Things to See and Do
Enter the Castle
Today, visitors approach the castle through the original guardhouse, which leads directly onto the bridge across the ditch which once extended around the castle. Look for the handgun loops in the walls and murder holes under the arch. Around the castle are beautiful stone carvings of the Tudor royal arms with Latin inscriptions, designed to flatter the monarch and his son Edward.
Punishment in the Tower
As you pass from the entrance bridge, you enter the second floor of the gun tower. Head to the right and if you look down on the floor, you can see a glass panel covering a deep hole, known as an "oubliette." Here prisoners or unruly soldiers were kept in the dark underground as punishment for crimes or bad behaviour. Follow the corridor to explore the rest of the castle keep and rooms.
The Gun Platform and Bastions
Walk out on onto the open roof of the forward bastion and you can see a parapet with four embrasures for guns which protected the river. Over the door are Henry VIII's royal arms carved in stone with sculptures on each side, visible as you walk back inside. Climb the steps to the side bastions to see more gun embrasures and a small soldier's latrine.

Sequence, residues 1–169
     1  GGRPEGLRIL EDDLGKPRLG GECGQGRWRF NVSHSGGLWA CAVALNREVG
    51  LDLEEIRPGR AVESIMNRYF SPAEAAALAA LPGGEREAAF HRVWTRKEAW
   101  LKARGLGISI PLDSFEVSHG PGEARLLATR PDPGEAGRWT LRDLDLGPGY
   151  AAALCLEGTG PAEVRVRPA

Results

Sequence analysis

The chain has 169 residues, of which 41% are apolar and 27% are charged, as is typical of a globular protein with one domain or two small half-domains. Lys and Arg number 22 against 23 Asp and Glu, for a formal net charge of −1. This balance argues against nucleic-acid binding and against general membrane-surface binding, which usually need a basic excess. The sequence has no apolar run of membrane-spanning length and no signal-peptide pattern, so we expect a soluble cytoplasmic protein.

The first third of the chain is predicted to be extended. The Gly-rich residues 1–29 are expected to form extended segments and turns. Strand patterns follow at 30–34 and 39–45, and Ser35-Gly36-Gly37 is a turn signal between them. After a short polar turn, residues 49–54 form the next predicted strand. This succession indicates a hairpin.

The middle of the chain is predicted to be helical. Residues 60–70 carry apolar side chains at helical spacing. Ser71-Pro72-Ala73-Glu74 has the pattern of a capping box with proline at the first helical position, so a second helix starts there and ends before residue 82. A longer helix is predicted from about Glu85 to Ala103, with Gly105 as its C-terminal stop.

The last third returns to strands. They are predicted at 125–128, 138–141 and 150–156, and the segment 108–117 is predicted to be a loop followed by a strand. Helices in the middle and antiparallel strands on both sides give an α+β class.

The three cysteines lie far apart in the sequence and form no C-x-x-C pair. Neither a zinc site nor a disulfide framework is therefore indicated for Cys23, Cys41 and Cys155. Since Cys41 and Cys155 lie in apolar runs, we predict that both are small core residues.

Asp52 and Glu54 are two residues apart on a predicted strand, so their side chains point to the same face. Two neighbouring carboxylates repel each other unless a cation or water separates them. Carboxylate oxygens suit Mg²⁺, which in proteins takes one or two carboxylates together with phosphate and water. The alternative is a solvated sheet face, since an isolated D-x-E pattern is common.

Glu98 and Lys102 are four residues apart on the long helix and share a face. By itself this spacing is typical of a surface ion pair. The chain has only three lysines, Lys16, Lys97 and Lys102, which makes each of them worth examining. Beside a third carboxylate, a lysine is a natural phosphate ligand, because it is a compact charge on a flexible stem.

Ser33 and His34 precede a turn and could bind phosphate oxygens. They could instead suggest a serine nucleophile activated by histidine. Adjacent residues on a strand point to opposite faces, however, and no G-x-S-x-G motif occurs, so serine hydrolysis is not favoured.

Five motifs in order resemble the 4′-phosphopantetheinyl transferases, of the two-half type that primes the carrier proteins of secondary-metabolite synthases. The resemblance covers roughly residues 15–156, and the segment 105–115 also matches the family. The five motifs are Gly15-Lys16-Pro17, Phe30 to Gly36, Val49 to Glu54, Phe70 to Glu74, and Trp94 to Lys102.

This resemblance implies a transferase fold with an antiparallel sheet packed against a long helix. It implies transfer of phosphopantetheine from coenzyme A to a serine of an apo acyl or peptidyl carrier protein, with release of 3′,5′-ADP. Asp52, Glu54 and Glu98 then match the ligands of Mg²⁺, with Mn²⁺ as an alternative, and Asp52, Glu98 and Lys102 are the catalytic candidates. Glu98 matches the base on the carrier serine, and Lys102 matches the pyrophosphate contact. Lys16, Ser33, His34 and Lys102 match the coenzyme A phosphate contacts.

Daily Life at the Castle
On the lower floor is the basement which was used at the kitchen and storeroom and at busy times, home to up to 20 men. Water from a well fed into a cistern in a wall recess at one time and you can see the large fireplace with bread oven which was used daily to cook meals for the soldiers. The first floor was the mess room and more dangerously a gunpowder store until the 19th century.
Guns and Gunpowder
At the edge of the site overlooking the castle walls, you can still see the remains of the defensive gun platforms from Tudor times. In the 19th century, the Grand Sea Battery was built and soon after the magazine or ammunition store. Today there is a gun on a replica traversing platform to show you how later defences worked to protect the castle. There are several cannons around the castle showing how the castle would have been set up in times of war.
Saluting the King!
Once you have explored the castle keep and wandered through the landscaped gardens, you reach the Tudor Blockhouse, built into a rock cut platform on the shoreline. Then on the far side of the grounds is a row of guns dating from the late 18th and 19th century on display on wooden platforms. Historically fired on ceremonial occasions, they now represent a saluting battery.
Take the Ferry
One of the best ways to approach the castle is by sea and visitors can enjoy a lovely ferry ride on either the foot ferry from Falmouth town or by car on the King Harry Ferry from nearby Feock. There are stunning sea views on both journeys and the Mussel Card scheme offers great discounts on entry to Pendennis and St Mawes Castles for visitors using the ferries.